Ouch! What to do if your baby bites during breastfeeding

Not all babies bite during breastfeeding, but those who do are usually teething. Thankfully for your nipples, there are some tricks to stopping your baby from chomping down when he nurses.

Ouch! What to do if your baby bites during breastfeeding

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You’re peacefully breastfeeding your baby when suddenly she chomps down on your nipple. After you’re done seeing stars, your next thought is likely, “How can I make sure that never happens again?”

Not all babies bite when they’re nursing, but it is a big concern for many breastfeeding moms, says Pam Davey, a certified doula and registered lactation consultant in Edmonton. But don’t worry—a nipping baby doesn’t have to spell the end of your nursing days, if you deal with it properly.

Your baby needs a nice deep latch to breastfeed properly and to make nursing comfortable for you, explains Davey. And when the latch is deep, your baby won't be able to bite. The problem is that babies who are teething have sore gums and may adjust their latch, often toward the end of the feed when they aren’t as hungry. And as soon as their latch becomes more shallow, they’re able to bite down.

To ward off biting, Davey recommends giving your baby a cool teething toy to chew on before nursing or rubbing her gums to relieve any discomfort, then keeping a close watch while she’s on the breast. (Remember that teething gels and homeopathic remedies are not safe options for reducing teething pain.) “If your infant appears to change the latch, carefully break the seal by slipping a finger between her gums and taking her off the breast before she can clamp down on your nipple,” says Davey. She also recommends checking your baby’s position even when she’s got a good latch to ensure you’re holding her tightly chest to chest. If your baby is straining to latch, there’s a good chance she’ll try to readjust it during feeding, putting your nipples at risk.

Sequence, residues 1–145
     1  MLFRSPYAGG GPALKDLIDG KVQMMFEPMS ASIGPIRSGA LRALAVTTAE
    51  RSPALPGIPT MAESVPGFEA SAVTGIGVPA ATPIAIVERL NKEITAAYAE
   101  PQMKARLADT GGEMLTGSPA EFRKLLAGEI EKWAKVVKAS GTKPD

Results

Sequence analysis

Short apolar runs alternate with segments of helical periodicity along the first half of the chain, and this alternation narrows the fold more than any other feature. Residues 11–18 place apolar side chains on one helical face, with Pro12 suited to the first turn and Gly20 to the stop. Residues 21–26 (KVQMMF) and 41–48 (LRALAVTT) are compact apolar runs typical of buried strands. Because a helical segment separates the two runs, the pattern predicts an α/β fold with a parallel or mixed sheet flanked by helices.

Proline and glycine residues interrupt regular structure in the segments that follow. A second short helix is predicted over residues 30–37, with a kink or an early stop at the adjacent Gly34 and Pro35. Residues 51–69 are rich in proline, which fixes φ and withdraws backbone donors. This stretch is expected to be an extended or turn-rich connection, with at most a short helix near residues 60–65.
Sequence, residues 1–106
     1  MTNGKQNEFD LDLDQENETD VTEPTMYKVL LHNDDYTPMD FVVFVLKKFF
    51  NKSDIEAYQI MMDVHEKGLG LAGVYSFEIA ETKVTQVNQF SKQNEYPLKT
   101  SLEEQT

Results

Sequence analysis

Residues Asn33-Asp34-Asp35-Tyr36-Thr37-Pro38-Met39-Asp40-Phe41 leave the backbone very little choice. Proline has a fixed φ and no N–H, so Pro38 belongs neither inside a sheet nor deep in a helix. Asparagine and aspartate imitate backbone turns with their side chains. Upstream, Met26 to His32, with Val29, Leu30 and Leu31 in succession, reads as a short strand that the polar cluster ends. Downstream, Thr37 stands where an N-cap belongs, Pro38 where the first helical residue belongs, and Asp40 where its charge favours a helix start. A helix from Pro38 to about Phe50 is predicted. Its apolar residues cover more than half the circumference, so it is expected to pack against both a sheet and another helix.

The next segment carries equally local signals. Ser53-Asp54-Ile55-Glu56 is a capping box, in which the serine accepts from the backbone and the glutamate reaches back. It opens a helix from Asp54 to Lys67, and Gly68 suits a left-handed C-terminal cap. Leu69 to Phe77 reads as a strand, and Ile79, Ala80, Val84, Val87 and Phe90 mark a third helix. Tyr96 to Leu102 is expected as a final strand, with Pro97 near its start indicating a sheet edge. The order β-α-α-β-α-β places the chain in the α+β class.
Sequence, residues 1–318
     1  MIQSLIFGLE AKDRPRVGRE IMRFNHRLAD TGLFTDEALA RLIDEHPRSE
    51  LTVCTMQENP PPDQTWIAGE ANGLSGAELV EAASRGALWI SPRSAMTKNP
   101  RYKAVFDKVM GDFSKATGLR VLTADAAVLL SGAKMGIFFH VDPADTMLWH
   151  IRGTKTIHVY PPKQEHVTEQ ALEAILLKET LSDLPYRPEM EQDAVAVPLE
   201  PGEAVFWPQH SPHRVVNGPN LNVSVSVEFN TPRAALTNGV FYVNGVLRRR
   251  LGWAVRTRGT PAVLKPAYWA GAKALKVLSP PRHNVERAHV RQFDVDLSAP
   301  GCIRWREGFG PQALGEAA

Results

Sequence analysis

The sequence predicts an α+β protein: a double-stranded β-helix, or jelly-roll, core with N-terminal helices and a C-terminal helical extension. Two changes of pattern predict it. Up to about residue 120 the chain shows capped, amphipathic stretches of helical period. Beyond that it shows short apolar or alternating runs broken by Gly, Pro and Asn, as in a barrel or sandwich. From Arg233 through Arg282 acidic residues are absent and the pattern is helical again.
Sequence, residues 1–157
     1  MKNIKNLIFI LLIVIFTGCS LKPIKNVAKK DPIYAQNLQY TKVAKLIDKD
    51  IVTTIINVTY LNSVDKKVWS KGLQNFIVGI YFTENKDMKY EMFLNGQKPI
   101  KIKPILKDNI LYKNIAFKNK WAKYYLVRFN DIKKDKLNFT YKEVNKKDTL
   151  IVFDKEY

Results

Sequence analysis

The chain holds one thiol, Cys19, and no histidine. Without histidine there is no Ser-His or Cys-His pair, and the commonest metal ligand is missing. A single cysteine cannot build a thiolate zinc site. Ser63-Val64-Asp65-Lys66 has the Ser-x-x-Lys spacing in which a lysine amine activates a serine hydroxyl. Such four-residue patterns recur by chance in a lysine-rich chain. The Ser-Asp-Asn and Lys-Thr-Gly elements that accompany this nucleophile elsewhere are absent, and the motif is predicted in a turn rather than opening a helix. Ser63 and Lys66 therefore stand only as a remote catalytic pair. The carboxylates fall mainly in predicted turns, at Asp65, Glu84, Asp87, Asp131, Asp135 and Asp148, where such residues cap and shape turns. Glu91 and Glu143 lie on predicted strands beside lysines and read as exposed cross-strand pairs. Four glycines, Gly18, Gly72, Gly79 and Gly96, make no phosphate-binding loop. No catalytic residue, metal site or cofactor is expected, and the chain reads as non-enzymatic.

If you’ve got an older infant or toddler on your hands, you can encourage them not to bite by saying "no" and gently but firmly removing them from the breast after biting, suggests Nathalie Pambrun, vice-president of the Canadian Association of Midwives. “Consider offering her a teething toy as a distraction after you’ve taken her off the breast, and try giving her praise after a good feed with no biting.”

If you do get bitten (a baby’s new teeth are especially sharp), smear a little breastmilk over your nipple after the feed to help it heal, expose it to fresh air or rinse it with a soothing saline solution made with two teaspoons of Epsom salts and one cup of warm water.

This article was originally published on Dec 19, 2017

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